Business chief says Brexit Withdrawal Agreement 'has not moved things on'

The chief executive of an organisation representing businesses in the East Midlands has been outspoken in the need for 'snap judgments' in relation to Brexit.

By The Newsroom
Thursday, 15th November 2018, 1:12 pm
Updated Thursday, 15th November 2018, 1:14 pm

Scott Knowles, chief executive at East Midlands Chamber of Commerce, has suggested that businesses have still not been provided with “clarity” following yesterday’s Brexit Withdrawal Agreement documents.

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During this transition, the UK would not have voting rights at the EU but would continue to have to abide by EU regulations, including any created between now and any eventual agreed departure date, and the European Court of Justice would hold supremacy over UK courts.

EU and UK flags together

The agreement would resolve, at least temporarily, the thorny issue of border controls between Northern Ireland and Ireland.

“Businesses will recognise the efforts made by the Prime Minister, ministers and civil servants and their EU counterparts to reach this milestone.

“Brexit was never going to be an easy undertaking.

“However, with people’s livelihoods and the future prospects of some companies in the balance, now is not a time for snap judgments.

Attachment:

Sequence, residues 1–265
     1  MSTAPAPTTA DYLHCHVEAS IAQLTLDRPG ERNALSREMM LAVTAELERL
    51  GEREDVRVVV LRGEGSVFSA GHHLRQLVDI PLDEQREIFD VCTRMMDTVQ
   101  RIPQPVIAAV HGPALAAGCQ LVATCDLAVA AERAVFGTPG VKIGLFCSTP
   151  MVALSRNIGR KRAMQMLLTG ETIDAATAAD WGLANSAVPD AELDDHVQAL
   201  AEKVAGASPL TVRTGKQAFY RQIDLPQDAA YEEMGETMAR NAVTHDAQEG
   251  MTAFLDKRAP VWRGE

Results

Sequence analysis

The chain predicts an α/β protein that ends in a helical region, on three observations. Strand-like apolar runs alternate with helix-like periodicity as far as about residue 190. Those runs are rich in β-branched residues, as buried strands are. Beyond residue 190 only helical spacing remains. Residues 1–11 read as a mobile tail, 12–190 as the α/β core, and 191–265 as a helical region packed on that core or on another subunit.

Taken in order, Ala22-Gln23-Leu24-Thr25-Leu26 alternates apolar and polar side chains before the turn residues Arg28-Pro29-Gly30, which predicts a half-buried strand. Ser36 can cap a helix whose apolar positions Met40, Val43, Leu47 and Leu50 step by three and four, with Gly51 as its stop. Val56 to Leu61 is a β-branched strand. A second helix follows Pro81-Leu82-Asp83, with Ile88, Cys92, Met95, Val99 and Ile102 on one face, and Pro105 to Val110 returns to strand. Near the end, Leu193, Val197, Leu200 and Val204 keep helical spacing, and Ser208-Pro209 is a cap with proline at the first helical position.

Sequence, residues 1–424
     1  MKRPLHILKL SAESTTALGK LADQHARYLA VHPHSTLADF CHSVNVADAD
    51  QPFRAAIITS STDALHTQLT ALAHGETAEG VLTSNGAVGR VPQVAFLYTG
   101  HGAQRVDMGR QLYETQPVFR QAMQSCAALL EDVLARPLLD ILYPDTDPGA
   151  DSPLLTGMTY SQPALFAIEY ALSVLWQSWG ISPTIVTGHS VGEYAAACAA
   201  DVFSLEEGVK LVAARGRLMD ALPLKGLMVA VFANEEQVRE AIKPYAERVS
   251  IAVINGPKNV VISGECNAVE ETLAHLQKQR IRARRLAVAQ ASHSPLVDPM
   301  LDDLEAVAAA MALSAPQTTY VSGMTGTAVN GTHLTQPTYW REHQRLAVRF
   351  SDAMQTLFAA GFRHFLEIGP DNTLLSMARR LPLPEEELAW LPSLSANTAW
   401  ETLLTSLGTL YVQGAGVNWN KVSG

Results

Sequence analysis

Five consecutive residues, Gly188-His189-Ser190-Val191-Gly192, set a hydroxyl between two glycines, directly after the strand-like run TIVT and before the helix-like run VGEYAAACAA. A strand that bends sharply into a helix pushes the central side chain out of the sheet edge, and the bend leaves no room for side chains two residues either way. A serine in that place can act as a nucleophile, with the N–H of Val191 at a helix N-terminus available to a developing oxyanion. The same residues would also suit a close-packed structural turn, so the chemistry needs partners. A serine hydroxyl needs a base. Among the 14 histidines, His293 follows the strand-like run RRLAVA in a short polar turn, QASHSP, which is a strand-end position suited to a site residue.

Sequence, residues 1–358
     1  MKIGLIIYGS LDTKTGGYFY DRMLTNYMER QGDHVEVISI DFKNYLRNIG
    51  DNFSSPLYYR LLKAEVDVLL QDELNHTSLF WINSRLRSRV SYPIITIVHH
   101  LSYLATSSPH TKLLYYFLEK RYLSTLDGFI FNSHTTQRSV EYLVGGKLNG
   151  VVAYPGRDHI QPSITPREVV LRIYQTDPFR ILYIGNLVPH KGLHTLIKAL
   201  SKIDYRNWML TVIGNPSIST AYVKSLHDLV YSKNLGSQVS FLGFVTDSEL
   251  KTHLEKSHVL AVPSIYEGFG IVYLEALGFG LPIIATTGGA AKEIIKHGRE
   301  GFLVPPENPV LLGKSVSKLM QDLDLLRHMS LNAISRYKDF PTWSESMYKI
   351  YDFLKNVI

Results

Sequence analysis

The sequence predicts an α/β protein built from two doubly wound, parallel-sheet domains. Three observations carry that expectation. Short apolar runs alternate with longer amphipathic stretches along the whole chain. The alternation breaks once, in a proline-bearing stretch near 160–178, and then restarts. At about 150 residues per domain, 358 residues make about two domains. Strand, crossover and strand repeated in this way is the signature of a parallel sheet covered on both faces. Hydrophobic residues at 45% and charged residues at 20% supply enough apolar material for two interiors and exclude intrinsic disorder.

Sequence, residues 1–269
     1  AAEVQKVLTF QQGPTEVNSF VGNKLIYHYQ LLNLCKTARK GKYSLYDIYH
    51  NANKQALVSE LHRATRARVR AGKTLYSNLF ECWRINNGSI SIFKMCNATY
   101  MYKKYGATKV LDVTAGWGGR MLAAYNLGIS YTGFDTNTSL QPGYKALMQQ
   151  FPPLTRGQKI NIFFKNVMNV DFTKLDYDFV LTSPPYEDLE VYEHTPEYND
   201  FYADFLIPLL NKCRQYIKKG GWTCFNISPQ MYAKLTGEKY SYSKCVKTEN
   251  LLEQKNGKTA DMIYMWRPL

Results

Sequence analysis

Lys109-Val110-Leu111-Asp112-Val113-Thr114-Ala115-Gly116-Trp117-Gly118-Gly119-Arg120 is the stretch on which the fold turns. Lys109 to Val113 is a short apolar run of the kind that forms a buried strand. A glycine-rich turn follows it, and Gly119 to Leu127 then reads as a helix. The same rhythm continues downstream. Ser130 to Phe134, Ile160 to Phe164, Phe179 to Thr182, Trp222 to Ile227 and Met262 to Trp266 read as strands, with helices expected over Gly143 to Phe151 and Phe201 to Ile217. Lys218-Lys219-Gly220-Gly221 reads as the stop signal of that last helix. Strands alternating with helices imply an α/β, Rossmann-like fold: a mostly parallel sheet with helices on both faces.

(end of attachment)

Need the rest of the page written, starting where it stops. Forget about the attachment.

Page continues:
“Businesses will scrutinise the real-world implications of this agreement and expect their elected representatives to do the same.

“After two and half years of uncertainty, this agreement could mark the end of the beginning of a process to deliver a smoother exit from the EU.

“What businesses need now, as they have always needed, is clarity on the specific terms of trade they will face in future.

“The avoidance of sudden or multiple changes to trading conditions remains crucial to encouraging business investment and confidence.”

Speaking on Mr Raab’s resignation Jonathan Bullock, East Midlands MEP, said: “The resignation of Brexit Secretary Dominic Raab shows what a bad deal Theresa May has negotiated.

“She now must be forced out and a Brexiteer take over and deliver a real Brexit either by a Canada plus agreement or, if time has ran out, leaving with no deal and on WTO rules.”